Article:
Traditionally, projects which use multiple exposures to increase the depth and sensitivity of the observations have generated something equivalent to the stack images produced by the IPP analysis. In theory, the photometry of the stack images produces the ‘best’ photometry catalog, with best sensitivity and the best data quality at all magnitudes (c.f, CFHT Legacy survey, COSMOS, etc). In practice, the stack images have some significant limitations due to the difficulty of modelling the PSF variations. This difficulty is particularly severe for the Pan-STARRS 3π survey stacks due to the combination of the substantial mask fraction of the individual exposures, the large instrinsic image quality variations within a single exposure, and the wide range of image quality conditions under which data were obtained and used to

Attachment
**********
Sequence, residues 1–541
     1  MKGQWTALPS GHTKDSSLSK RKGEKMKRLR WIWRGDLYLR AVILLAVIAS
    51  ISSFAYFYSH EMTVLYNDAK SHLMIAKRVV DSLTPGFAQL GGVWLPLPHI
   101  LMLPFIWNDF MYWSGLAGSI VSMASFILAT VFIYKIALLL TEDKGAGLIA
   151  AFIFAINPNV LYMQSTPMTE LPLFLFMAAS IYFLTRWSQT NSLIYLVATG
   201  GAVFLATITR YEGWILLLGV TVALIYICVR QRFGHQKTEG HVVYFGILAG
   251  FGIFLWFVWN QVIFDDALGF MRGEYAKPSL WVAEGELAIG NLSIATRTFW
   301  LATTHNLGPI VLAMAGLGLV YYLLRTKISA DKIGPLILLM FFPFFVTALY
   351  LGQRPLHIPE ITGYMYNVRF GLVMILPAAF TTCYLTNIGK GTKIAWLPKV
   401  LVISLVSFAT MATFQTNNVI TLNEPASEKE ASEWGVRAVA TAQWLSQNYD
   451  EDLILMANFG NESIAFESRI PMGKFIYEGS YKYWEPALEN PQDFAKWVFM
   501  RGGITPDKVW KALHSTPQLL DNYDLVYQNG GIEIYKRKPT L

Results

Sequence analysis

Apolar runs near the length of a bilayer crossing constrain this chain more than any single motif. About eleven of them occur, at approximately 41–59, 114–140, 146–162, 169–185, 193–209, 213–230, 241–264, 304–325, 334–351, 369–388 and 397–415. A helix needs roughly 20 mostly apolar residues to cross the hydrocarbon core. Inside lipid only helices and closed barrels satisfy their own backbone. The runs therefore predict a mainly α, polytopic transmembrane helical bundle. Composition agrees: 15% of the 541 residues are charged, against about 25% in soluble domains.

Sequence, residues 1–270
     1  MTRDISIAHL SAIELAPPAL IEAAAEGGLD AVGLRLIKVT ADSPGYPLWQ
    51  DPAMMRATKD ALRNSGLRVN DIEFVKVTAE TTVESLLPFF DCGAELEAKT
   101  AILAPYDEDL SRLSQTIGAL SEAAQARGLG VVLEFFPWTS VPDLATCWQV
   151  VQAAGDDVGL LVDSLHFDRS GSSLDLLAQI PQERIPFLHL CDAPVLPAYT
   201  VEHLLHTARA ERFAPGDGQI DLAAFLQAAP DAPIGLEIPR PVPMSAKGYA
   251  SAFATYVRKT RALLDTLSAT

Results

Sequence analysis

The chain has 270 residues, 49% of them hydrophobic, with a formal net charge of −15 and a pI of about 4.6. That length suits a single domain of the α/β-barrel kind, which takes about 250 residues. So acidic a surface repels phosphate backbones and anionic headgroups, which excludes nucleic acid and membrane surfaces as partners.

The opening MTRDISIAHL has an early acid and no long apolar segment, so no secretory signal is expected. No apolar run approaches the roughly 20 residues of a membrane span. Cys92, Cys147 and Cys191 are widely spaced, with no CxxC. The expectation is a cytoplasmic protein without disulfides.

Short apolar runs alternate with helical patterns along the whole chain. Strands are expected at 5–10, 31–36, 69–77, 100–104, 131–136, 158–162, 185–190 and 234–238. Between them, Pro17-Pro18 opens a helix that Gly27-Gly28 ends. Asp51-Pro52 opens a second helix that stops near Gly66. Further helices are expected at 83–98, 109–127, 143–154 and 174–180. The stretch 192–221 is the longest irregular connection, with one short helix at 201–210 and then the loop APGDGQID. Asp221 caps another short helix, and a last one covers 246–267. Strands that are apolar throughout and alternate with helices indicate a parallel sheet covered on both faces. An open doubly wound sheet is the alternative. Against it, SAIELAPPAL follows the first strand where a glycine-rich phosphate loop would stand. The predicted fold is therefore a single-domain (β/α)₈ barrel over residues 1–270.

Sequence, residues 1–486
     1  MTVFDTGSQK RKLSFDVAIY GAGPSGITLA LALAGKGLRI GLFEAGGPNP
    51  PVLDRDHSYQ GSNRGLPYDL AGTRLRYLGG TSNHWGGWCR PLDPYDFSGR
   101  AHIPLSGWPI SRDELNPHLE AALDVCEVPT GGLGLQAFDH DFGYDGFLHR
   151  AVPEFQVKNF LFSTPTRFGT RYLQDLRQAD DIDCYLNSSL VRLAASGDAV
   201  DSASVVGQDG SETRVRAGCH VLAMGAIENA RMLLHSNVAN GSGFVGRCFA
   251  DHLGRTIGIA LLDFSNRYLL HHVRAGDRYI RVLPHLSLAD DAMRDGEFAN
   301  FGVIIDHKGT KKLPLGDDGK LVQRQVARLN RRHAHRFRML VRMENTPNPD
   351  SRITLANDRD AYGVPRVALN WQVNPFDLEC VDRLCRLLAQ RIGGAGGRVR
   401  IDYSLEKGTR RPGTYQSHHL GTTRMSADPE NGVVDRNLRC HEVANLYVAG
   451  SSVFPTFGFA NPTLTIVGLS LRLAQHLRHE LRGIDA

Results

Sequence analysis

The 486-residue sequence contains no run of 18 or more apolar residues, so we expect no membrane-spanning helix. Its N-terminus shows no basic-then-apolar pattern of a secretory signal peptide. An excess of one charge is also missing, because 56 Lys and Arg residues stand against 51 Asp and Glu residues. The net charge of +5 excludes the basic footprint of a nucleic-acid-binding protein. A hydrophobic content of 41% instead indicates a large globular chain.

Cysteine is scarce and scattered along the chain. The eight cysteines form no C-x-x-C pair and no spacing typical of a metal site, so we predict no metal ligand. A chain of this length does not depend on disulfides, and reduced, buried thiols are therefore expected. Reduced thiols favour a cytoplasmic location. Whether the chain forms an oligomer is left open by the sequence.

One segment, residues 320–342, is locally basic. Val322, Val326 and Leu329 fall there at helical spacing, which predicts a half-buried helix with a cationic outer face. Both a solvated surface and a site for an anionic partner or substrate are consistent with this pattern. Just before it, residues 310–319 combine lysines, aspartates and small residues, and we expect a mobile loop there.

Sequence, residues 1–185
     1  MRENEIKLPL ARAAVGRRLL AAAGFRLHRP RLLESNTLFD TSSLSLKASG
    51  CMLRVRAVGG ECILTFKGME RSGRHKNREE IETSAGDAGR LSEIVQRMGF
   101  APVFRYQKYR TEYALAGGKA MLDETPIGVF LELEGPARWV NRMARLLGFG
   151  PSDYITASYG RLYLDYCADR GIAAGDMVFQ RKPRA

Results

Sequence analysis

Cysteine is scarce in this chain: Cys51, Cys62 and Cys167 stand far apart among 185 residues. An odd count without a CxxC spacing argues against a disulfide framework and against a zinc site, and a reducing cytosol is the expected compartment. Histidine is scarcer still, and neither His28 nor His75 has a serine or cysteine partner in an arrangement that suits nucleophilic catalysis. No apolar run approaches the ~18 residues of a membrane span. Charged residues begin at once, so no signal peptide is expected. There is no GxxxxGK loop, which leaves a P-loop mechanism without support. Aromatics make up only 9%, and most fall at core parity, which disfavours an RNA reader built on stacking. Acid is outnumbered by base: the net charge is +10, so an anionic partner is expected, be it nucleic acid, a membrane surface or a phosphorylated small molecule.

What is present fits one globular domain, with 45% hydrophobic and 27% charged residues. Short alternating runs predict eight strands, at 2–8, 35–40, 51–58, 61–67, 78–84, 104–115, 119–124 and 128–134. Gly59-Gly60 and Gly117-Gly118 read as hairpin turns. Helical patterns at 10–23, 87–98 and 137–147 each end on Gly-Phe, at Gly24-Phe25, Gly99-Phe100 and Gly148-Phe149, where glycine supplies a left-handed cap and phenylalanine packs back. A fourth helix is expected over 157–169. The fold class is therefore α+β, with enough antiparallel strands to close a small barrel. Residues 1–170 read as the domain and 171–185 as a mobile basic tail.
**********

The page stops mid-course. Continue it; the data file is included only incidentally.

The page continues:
generate the 3π PV3 stacks.
For any specific stack, the point spread function at a particular location is the result of the combination of the point spread functions for those individual exposures which went into the stack at that point. Because of the high mask fraction, the exposures which contributed to pixels at one location may be somewhat different just a few tens of pixels away. Because of the intrinsic variations in the PSF across an exposure and because of the variations from exposure to exposure, the distribution of point spread functions of the images used at one position may be quite different from those at a nearby location. In the end, the stack images have a effective point spread function which is not just variable, but changing significantly on small scales in a highly textured fashion.